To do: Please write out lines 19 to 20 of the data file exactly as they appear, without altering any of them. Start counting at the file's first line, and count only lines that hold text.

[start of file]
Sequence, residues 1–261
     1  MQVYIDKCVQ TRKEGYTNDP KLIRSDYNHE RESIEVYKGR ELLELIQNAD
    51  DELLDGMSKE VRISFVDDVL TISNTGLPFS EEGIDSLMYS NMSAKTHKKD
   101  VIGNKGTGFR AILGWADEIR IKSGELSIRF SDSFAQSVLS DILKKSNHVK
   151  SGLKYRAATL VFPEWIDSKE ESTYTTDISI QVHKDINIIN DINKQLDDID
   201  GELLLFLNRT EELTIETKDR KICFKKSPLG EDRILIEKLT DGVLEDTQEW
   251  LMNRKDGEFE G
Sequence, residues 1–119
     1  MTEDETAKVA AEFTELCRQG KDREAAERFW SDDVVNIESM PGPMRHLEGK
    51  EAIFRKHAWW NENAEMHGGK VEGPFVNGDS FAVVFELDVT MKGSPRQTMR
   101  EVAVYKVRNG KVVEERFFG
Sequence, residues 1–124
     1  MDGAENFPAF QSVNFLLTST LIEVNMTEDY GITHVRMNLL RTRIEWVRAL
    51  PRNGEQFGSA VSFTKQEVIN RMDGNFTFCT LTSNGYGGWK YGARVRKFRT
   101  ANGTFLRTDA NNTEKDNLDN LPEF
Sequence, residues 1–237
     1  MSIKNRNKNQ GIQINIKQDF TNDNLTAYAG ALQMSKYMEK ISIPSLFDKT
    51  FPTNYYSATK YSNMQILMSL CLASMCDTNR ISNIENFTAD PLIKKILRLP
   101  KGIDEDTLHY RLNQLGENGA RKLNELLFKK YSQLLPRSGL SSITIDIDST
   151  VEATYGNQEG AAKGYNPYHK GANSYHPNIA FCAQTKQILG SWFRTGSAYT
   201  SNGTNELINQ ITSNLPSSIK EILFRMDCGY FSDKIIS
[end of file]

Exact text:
   101  KGIDEDTLHY RLNQLGENGA RKLNELLFKK YSQLLPRSGL SSITIDIDST
   151  VEATYGNQEG AAKGYNPYHK GANSYHPNIA FCAQTKQILG SWFRTGSAYT